No more scheduled downtime for Google Apps

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Google has adjusted the service level agreement (SLA) of its application offering to remove any scheduled downtime.

Google Apps, which includes Gmail, IM and Calendar, previously had a clause enabling Google to take the service down for scheduled maintenance.

The company has now removed this clause and, although it admits unscheduled downtime will always be a possibility, it hopes to achieve ambitious uptime of 99.99 per cent.

In a blog post late last week, Matthew Glotzbach, Google's enterprise product management director, said: "Unlike most providers, we don't plan for our users to be down, even when we're upgrading our services or maintaining our systems. For that reason, we're removing the SLA clause that allows for scheduled downtime."

"Going forward, all downtime will be counted and applied towards the customer's SLA. We are the first major cloud provider to eliminate maintenance windows from their service level agreement."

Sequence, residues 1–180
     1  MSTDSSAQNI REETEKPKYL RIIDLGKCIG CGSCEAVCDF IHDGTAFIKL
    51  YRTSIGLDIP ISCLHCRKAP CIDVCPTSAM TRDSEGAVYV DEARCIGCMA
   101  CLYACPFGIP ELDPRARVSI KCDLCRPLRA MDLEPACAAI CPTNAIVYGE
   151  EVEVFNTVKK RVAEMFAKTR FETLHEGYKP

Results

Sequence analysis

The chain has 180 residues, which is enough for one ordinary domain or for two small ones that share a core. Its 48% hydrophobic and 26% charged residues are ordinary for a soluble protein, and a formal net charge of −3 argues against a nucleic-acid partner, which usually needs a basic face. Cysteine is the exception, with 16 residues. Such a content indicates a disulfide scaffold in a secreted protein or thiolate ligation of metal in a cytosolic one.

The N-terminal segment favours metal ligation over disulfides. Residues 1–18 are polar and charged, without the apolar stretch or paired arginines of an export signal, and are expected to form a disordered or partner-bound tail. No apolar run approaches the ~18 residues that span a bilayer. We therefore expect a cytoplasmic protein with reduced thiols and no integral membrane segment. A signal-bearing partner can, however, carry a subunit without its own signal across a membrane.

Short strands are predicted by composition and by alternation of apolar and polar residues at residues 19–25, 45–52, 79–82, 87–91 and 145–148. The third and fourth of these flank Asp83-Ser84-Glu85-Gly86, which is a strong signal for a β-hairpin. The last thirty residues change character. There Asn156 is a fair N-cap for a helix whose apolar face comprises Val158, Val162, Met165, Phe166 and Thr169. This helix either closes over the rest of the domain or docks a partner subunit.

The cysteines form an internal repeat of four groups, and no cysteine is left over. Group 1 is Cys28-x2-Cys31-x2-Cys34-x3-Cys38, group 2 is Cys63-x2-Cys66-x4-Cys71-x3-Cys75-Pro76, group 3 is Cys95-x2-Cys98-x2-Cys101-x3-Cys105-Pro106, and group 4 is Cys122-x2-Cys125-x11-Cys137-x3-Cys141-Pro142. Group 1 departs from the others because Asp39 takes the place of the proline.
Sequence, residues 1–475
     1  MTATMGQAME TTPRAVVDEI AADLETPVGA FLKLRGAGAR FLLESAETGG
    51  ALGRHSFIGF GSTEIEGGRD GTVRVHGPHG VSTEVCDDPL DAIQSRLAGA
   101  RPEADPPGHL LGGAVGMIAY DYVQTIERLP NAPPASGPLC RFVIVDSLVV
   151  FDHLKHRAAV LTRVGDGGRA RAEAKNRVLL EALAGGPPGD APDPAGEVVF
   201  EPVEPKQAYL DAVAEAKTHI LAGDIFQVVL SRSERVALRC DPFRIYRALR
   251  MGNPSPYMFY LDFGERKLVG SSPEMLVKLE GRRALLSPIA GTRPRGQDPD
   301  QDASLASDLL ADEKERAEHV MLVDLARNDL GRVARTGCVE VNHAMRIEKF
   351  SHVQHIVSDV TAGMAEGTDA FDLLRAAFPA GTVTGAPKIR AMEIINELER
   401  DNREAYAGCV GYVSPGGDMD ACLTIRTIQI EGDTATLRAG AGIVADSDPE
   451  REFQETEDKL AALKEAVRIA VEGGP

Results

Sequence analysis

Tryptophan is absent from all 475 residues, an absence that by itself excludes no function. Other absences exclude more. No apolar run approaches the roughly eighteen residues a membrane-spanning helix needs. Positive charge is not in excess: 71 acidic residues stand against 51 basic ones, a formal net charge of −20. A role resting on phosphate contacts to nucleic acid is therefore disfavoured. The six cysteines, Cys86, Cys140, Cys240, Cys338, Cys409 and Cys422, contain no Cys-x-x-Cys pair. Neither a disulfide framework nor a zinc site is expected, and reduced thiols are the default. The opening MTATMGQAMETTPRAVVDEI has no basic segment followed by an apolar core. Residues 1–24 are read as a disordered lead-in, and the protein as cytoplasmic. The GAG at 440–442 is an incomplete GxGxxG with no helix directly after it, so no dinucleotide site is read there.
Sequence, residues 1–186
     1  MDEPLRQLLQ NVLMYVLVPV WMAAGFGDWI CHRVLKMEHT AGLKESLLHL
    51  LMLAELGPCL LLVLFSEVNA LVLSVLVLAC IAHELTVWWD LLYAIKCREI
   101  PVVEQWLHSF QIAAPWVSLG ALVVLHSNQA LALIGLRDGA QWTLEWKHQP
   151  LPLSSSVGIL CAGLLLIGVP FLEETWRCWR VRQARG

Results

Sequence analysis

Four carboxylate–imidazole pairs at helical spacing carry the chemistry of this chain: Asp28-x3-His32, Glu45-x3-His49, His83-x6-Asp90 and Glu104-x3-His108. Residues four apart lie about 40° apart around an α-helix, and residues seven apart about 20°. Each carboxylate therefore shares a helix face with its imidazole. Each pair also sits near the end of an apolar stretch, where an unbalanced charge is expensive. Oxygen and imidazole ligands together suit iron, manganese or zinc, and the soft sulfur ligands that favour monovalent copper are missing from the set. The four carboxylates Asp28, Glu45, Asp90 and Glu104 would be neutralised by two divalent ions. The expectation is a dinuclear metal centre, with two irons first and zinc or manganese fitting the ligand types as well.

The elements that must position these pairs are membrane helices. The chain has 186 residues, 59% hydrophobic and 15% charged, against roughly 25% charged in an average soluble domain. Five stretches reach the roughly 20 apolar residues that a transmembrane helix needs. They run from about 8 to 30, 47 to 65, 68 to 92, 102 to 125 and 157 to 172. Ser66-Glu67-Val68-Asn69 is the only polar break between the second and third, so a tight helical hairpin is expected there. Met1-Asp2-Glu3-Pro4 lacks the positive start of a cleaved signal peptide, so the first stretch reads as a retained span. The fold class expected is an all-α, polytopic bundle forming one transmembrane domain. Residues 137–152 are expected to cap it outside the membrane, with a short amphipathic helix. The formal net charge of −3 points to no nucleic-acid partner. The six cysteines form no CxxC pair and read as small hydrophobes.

He also confirmed any unscheduled downtime would be counted.

"Previously, a period of less than ten minutes was not included," Glotzbatch added. "We believe any instance that causes our users to experience downtime should be avoided period."

One of the reasons companies have cited for being nervous about the move to a public cloud model was unsuspected downtime, leaving them unable to access mission critical applications.

However, Glotzbath claimed the average of seven minutes downtime each month for Gmail in 2010 was better than many on-premise alternatives.

He quoted research from the Radicati Group, which claimed average downtime for on-premise email was 3.8 hours per month, making Gmail 32 times more reliable than the average email system.

Jennifer Scott

Jennifer Scott is a former freelance journalist and currently political reporter for Sky News. She has a varied writing history, having started her career at Dennis Publishing, working in various roles across its business technology titles, including ITPro. Jennifer has specialised in a number of areas over the years and has produced a wealth of content for ITPro, focusing largely on data storage, networking, cloud computing, and telecommunications.

Most recently Jennifer has turned her skills to the political sphere and broadcast journalism, where she has worked for the BBC as a political reporter, before moving to Sky News.